In years gone by, there was a constant argument about mortgage distribution and just when would the banks, in particular, reassert their ‘dominance’ in serving borrowers direct.
While I wouldn’t say this threat to advisers is fully behind them, as time has gone by and as intermediary, distribution levels have continued to rise based on their expertise, a complex marketplace, the protection they afford, the list goes on, that threat has seemed to wane.
Certainly, judging by how the banks are ‘looking after’ their in-house/branch staff, it would appear the intermediary share of mortgages is not dipping. If anything, it continues to grow each year. Where once there was adviser/direct parity of distribution, now it appears to be in the former’s favour by at least three to one.
This clearly presents a dilemma for those working in-house for the banks and we’ve certainly noticed an increase in those employees who are either embarking upon their mortgage qualifications or have just recently passed them.
Clearly, many advisory firms are in constant recruitment mode, but some tend to focus almost exclusively on looking for advisers who come with experience, who come with their own client banks, and are therefore able to write business straight away.
Could you mould a ‘wannabe’ in your image?
What about those who are newly-qualified, or just about to start studying/taking their qualifications? For the former group, there might be an anticipation that they can start as an AR firm immediately, and indeed some networks will allow this, but we are most definitely not one of them.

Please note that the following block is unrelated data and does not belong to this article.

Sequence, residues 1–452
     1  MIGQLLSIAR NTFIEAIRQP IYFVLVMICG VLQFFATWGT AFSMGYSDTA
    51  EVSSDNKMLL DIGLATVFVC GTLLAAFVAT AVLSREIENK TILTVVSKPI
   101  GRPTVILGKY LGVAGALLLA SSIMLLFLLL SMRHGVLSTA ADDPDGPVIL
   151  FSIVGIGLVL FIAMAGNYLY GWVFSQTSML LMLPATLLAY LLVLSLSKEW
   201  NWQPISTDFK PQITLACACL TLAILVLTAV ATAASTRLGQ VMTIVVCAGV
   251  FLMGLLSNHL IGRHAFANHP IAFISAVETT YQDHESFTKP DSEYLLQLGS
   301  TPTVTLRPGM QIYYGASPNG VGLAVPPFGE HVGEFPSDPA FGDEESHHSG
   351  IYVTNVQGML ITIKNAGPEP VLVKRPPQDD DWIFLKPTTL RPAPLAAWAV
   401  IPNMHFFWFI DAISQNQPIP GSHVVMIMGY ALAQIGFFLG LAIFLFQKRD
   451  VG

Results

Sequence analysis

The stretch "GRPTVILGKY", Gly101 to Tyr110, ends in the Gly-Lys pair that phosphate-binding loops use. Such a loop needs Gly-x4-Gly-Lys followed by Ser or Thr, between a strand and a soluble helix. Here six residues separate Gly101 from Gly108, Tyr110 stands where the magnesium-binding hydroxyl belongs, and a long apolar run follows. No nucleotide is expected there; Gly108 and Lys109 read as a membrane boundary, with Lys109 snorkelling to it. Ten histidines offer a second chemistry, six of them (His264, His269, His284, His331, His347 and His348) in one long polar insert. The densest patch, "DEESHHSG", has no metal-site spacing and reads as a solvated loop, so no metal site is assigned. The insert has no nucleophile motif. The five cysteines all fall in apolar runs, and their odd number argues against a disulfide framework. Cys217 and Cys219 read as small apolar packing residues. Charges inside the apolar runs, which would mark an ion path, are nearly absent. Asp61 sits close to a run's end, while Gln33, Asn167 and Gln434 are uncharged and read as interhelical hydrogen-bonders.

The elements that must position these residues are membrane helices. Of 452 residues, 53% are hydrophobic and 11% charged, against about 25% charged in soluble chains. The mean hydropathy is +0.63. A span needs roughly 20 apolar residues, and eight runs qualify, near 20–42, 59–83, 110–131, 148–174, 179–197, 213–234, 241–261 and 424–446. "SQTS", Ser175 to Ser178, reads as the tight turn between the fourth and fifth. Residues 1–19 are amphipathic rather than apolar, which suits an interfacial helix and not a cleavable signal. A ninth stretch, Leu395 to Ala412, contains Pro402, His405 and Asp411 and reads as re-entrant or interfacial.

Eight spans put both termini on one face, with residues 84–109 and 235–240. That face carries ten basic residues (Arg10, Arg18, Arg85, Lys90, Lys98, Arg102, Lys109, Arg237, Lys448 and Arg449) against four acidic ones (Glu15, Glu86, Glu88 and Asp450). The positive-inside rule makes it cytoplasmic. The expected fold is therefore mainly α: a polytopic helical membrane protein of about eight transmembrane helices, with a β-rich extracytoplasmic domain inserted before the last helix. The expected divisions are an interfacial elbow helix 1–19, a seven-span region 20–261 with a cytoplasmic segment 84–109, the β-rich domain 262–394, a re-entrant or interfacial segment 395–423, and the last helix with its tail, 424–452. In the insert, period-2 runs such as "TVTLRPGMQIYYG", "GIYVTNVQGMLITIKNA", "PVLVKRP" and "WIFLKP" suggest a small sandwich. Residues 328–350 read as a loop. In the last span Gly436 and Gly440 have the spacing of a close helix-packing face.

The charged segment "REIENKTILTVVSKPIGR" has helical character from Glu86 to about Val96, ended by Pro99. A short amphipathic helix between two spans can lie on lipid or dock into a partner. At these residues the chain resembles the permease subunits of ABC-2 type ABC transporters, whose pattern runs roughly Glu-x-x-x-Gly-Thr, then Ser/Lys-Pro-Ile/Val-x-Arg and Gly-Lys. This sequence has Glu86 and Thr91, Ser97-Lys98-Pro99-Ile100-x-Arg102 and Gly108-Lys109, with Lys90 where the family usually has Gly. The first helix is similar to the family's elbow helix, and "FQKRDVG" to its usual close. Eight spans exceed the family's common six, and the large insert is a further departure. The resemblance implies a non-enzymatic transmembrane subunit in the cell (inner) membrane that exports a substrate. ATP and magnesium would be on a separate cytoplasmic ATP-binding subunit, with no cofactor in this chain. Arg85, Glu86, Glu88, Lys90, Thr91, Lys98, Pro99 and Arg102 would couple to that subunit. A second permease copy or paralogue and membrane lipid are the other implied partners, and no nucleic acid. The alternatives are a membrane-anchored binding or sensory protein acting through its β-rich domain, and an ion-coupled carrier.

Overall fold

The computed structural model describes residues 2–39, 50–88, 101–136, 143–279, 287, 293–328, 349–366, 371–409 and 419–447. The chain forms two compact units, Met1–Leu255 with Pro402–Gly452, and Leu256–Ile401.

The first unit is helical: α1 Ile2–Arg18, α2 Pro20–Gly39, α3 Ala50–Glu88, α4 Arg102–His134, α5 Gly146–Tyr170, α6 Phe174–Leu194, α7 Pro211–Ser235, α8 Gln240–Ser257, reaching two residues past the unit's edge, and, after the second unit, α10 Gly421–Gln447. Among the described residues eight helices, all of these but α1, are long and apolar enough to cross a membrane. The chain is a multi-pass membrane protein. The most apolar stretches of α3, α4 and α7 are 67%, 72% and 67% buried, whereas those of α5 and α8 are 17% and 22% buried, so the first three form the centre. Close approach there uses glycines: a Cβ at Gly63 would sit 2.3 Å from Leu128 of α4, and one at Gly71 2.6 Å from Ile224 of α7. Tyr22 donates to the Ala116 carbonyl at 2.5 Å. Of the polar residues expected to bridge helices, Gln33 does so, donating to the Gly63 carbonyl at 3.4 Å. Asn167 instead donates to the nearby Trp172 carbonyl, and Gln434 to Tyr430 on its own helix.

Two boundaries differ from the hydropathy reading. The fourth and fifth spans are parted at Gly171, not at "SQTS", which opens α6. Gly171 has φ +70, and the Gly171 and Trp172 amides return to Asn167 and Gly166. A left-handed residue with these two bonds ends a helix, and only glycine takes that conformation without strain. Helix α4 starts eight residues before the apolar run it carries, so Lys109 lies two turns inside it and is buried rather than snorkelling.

In effect, you have to view the newly-qualified as essentially trainees, because a large part of the mortgage adviser’s job is learnt on the job. It’s why we encourage our AR firms – many of whom are looking to recruit and grow – to provide opportunities to trainees within their firms. And it’s why we wouldn’t ever say we’ll take them as ARs as soon as they have their certificates in hand.
There are plenty of benefits for firms in adopting the trainee approach, not least the fact you can ‘mould’ the adviser, or wannabe adviser, in the image of your firm. They are highly unlikely to have picked up any bad habits, and they will want to learn as they are new to the sector. They are likely to be keen, enthusiastic, and committed to the role, and they might also end up being some of your best performers.
Consider this as a football analogy. Some clubs predicate their success on buying the top players, others are more inclined to bring their players through the academies, scouting them early and taking them through the process until they are eventually handed a first-team start.
A different way to your firm’s achieve ambitions?
The latter group will have cost considerably less and may ultimately be far better for your ‘club’ than someone you bring in many years into their career, with their own way of doing things, their own expectations, their own foibles, etc., which might not fit in with the culture of your operation and could potentially cause you a headache.
Now, of course, firms will want those that can start advising (and earning) immediately, and we’re not suggesting that you only hire trainees from now on. However, there is a growing pool of individuals who want careers in mortgage advice, who perhaps have left a corporate, who want a different role, and are willing to put in the work to achieve this.
Many firms want to grow adviser numbers to meet growing demand. As a network, we want to help our firms grow and encourage them to do so, however recruiting is not a one-size-fits-all process, and you can achieve the same targets and ambitions in different ways.
As always, assess the quality of the individual you have and their willingness to learn; don’t concentrate too much on where they have come from but more on what they want to achieve and their drive to get there.
Lesley Sharkey is Recruitment Director at Stonebridge